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In infants born extremely preterm, aspirin or NSAID use during pregnancy are associated with increased risk of quadriparetic cerebral palsy
  1. Peter H Gray
  1. Newborn Services, Mater Mothers’ Hospital, South Brisbane, Queensland, Australia
  1. Correspondence to: Dr Peter H Gray
    Newborn Services, Mater Mothers’ Hospital, Raymond Tce, South Brisbane, Queensland 4101, Australia; peter.gray{at}mater.org.au

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Commentary on: Tyler CP, Paneth N, Allred EN, et al. ELGAN Study Investigators. Brain damage in preterm newborns and maternal medication: the ELGAN study. Am J Obstet Gynecol 2012;207:192.e1–9.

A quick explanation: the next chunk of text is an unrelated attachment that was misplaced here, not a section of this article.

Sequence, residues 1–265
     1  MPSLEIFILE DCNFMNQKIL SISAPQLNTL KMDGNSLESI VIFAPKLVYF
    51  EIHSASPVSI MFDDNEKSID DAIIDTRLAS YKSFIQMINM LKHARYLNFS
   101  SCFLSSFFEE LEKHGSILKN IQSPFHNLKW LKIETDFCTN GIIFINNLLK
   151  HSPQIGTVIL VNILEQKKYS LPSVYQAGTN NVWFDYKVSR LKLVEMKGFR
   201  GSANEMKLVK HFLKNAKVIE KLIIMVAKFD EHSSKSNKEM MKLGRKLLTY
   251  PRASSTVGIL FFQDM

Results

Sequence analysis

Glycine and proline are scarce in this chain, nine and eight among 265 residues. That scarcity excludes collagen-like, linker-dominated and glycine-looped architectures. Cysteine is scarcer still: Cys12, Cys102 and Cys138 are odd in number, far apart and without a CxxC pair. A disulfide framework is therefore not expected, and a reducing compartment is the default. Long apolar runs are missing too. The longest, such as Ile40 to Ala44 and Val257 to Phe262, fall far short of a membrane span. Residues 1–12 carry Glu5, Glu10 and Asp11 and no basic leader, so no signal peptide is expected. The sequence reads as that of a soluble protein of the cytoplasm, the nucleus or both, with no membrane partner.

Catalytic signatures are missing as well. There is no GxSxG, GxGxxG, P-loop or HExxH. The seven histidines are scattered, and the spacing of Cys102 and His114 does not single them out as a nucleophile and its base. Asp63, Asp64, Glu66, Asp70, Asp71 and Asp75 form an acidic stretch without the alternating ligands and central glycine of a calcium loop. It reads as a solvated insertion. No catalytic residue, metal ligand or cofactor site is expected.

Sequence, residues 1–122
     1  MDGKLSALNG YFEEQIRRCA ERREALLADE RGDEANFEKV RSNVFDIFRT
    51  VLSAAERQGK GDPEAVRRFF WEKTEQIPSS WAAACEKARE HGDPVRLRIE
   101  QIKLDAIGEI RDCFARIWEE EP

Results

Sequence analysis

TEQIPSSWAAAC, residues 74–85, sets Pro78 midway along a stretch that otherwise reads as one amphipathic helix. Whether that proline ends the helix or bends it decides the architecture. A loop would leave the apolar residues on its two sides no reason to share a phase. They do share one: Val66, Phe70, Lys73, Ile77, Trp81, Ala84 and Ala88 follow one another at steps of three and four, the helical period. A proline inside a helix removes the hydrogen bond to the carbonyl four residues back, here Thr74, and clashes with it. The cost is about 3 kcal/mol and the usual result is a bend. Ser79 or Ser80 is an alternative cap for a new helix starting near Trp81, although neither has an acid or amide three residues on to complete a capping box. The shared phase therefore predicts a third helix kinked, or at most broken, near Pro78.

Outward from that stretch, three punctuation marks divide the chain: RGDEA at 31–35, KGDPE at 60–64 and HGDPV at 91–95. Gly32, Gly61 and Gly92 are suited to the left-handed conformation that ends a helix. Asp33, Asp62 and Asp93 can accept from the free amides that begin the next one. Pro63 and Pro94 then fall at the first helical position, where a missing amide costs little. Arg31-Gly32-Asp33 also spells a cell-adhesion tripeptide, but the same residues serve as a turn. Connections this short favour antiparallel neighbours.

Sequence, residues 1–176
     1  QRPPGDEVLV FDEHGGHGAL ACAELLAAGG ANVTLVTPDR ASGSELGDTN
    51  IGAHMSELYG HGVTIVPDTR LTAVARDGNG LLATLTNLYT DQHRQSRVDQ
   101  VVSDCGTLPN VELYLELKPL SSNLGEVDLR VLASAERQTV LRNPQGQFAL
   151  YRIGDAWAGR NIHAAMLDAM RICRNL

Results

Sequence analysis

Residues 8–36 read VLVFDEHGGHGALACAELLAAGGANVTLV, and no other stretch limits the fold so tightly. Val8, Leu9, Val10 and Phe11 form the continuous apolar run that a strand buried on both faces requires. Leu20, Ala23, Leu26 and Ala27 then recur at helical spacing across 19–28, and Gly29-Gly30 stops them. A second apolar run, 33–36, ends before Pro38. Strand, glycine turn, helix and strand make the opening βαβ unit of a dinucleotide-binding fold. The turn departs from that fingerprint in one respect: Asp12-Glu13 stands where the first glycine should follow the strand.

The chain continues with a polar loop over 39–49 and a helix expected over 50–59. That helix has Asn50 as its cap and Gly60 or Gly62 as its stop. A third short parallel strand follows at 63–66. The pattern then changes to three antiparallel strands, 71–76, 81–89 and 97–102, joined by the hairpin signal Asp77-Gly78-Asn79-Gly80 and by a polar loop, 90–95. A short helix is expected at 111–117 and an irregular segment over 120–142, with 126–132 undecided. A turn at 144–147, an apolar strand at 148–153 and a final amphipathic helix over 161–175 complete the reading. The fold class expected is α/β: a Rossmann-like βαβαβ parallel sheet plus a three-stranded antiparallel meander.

Implications for practice and research

  • Maternal aspirin and non-steroidal anti-inflammatory drugs (NSAIDs) may increase the risk of cerebral palsy in extremely preterm infants.

  • It would seem, however, that aspirin given to women at high-risk for pre-eclampsia may be beneficial.

  • Exposure to NSAIDs should be considered with caution until further information is available.

Context

The issue of taking medications during pregnancy and the risks involved has been the topic of many reviews. Aspirin is a NSAID that is prescribed to prevent recurrent abortion and to reduce the risk of pre-eclampsia. From animal studies it has been suggested that NSAIDs when taken during pregnancy have the potential to result in perinatal brain injury.1

Methods

Data were extracted from …

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